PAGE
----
On balance, Resilience and the Behavior of Large-Scale Systems (Scientific Committee on Problems of the Environment (SCOPE) Series) is the better book but this one is the thicker heavier more math-laden pretender--the problem is they have their own citation cabal, and while the bibliography is much broader and deeper than the above recommended book, there are too many gaps and an excessive reliance on obscure formulas that I have learned over time tend to be smoke for "I don't really know but if I did, this is the formula.

Also published in 2002, also with 20 contributors, this book lost me on the math. As someone who watched political science self-destruct in the 1970's when "comparative statistics" replaced field work, foreign language competency, and actual historical and cultural understanding, and a real-world intelligence professional, I'd listen to these folks, but I would never, ever let them actually manage the totality.

The book is the outcome of a three year effort, the Resilience Network as they called themselves, and there are some definite gems in this book, but it is a rough beginning. Among other things, it tries to model simplicity instead of complexity, and continue to miss the important of true cost transparency as the product and service end-user point of sale level, and real-time science that cannot be manipulated by any one country or organization (Exxon did NOT make $40 billion in profit this year--that is a fraction of the externalized costs, roughly $12 against the future for every $3 paid at the pump--that level of public intelligence in the public interest in missing from this book).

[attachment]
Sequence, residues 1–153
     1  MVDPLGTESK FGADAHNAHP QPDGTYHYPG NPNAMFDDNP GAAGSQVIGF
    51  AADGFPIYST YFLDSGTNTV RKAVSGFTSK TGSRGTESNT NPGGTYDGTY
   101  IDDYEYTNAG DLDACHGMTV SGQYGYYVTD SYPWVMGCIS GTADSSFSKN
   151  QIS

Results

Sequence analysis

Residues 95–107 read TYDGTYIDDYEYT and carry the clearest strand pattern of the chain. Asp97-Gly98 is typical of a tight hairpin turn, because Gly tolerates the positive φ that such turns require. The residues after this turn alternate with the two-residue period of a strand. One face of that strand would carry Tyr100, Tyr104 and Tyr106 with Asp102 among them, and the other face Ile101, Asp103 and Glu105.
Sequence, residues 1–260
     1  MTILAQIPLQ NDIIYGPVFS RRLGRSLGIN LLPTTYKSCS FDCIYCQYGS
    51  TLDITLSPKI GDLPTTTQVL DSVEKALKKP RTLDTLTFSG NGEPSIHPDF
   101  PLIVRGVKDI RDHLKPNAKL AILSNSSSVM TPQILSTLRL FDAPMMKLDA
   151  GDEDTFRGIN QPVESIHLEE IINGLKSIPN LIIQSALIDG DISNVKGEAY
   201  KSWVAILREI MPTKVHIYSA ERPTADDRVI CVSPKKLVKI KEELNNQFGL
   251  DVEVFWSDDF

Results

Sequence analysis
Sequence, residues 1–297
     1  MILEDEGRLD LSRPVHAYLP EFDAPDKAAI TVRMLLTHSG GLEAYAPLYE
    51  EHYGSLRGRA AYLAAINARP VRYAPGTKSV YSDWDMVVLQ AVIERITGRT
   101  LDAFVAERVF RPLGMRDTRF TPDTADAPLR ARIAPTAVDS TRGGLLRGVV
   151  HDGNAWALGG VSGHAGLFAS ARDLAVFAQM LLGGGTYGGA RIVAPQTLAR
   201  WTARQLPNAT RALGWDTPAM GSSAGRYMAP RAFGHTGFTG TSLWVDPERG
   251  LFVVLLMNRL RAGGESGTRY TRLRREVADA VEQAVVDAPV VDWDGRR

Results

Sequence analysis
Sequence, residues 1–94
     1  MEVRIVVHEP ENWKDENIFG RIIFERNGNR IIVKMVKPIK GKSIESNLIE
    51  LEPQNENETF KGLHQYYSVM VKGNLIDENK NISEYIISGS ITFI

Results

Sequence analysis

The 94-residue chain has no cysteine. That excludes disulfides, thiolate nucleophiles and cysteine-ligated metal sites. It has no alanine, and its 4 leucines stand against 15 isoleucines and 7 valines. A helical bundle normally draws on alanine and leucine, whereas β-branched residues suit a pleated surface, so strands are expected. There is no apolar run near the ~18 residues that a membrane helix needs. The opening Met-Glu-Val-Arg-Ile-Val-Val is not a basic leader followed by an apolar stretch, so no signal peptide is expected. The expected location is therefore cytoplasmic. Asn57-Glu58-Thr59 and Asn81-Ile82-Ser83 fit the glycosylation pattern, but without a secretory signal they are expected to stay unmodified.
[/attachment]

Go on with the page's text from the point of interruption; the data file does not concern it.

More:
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19 of 22 people found the following review helpful
5.0 out of 5 stars Economics, Ecology, and Sociology Interactions June 21, 2003
By A Customer
Format:Paperback
This is the only book I know of which provides theoretical framework for sustainable development using integrated management of economic, ecological, and social systems. The theoretical frame work is based on hierarchy and complexity theories.
You do not want to miss reading and owning it. It belongs in the library of all future oriented executives, economists, ecologists, sociologists, business planners, and policy makers.
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7 of 10 people found the following review helpful
2.0 out of 5 stars Forcing reality into a pre-conceived box November 12, 2008
Format:Paperback|Verified Purchase
While the book reviews interesting insights about the stability of ecosystems and emphasizes that most preconceptions are invalid in one or another circumstance, it pushes a preconception of its own that is so abstract as to be nearly meaningless. Phenomena are forced into phases of a model even when the fit is unreasonable. The book reads as though the editors fell in love with a nice idea - and a pretty diagram - and proceeded to ignore subtleties and refinements that, if incorporated, could have had real value. One significant flaw is that the wasteland of a devastated ecosystem, such as an overgrazed scrubland, is conceived as the 'same' ecosystem as the mature one (rainforest) that preceded it, and that a 'cycle' will bring it back around - and this in contradiction to the book's own opening chapter. Some redemption is achieved by authors of later chapters, who do not fall into these traps.
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5.0 out of 5 stars Valuable source December 4, 2012
By Johann
Format:Kindle Edition|Verified Purchase
The work of Gunderson and Holling is groundbreaking and well worth reading. It sheds considerable light on the similarities between social and ecological systems.